One of the world's top polling firms said it will adjust some of its methods after facing criticism for inaccurately predicting the results of the 2012 U.S. presidential election.
Gallup said a review found four factors contributed to a final 2012 pre-election poll that forecast Republican candidate Mitt Romney winning 49 per cent of the popular vote and Barack Obama 48 per cent. Mr. Obama ended up winning the popular vote by nearly four percentage points. These are the four mistakes identified by Gallup.
Misidentifying likely voters
Gallup produced a likely-voter sample of 74 per cent of the adult population, higher than any other firm, and a sample that also gave Mr. Romney a four-point edge.
Like other firms, Gallup sorts respondents into "likely voters" and "non-likely voters" based on seven self-reported turnout questions. The firm says what likely gave Mr. Romney a lead was including the question "thought given to the election" in their scoring. Gallup says the removal of this question would have changed its final estimate.
Gallup conducts polling across all regions of the United States. The firm said interviewing during the election campaign was staggered throughout the evening based on local time within each time zone, and did not start before 5 p.m. But because there is no minimum sample size required in each time zone, Gallup says this opened up the door to too many interviews being conducted in a region's earlier time zone, and too few in a region's later time zone. Simulations after the election revealed this likely underestimated Mr. Obama's vote share.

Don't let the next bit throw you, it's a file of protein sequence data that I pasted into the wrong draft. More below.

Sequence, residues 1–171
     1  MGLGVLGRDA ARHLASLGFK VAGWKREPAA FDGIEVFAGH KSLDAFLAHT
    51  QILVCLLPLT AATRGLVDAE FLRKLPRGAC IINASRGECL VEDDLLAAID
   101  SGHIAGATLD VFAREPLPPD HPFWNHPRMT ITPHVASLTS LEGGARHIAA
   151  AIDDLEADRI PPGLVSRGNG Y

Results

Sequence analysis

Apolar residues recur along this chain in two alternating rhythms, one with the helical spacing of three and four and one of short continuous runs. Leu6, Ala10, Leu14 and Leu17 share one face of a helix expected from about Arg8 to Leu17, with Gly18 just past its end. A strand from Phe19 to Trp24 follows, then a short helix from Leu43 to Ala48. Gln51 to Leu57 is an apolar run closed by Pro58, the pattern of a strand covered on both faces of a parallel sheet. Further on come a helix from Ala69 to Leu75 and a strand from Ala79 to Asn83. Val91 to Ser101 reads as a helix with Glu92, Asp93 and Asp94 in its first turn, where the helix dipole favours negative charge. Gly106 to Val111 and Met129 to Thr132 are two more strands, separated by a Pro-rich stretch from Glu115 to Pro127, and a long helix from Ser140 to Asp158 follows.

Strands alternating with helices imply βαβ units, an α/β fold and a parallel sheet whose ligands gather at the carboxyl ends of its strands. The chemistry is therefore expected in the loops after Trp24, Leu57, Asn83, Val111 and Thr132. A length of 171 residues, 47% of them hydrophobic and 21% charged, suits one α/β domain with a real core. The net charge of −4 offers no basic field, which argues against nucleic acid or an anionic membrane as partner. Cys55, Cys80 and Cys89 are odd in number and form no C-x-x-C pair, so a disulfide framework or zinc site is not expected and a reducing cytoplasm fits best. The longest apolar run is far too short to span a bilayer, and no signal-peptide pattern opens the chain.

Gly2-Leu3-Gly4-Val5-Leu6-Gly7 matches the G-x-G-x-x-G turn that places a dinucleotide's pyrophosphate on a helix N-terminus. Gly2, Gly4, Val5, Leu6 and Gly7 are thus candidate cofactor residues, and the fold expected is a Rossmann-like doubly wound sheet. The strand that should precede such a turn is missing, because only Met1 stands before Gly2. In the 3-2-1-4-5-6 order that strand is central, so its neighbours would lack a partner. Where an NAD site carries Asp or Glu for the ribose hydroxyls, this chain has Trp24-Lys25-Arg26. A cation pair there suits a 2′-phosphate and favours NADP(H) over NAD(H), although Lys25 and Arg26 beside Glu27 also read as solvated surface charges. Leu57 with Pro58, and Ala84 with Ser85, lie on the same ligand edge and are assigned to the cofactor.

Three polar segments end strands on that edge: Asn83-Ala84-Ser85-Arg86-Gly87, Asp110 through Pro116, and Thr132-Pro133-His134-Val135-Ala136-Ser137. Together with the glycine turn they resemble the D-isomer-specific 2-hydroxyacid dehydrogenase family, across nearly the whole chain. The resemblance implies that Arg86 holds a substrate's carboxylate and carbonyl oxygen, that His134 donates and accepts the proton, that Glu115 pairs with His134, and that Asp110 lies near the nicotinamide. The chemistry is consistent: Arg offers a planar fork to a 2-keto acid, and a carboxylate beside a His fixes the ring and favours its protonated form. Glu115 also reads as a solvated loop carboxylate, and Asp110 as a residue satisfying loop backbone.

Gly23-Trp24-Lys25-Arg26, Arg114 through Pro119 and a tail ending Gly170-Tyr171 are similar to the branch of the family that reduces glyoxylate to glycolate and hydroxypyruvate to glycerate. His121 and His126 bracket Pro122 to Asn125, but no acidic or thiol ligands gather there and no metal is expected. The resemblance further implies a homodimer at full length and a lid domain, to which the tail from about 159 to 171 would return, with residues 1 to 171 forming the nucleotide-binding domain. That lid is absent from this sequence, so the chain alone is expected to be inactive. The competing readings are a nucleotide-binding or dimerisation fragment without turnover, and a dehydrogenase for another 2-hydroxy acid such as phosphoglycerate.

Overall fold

Underestimating ethnic vote
Gallup says the way it collected race and ethnicity information, using basic "yes" and "no" questions, overestimated the white vote while underestimating the Hispanic and black vote.
Throughout the election polling period, the percentage of respondents identifying as multi-race, as well as the combination of white and American Indian, and white and Alaska Native, were higher than the census estimates for the adult population. This, in turn, made the task of adjusting these into broader categories more difficult and could have produced "unknown effects" on overall weighting.
Land lines vs. cellphones
Gallup called both land lines and cellphones, but the firm used public directories to get its numbers, rather than the through random digit sampling (RDD). In an experiment after the election, Gallup determined that respondents from a sample of RDD numbers were younger, more democratic and more likely to approve of Mr. Obama than respondents at numbers listed in directories. Thus, the land lines pollsters were calling during the election campaign were, in all likelihood, disproportionally older, more Republican and more likely to vote for Mr. Romney.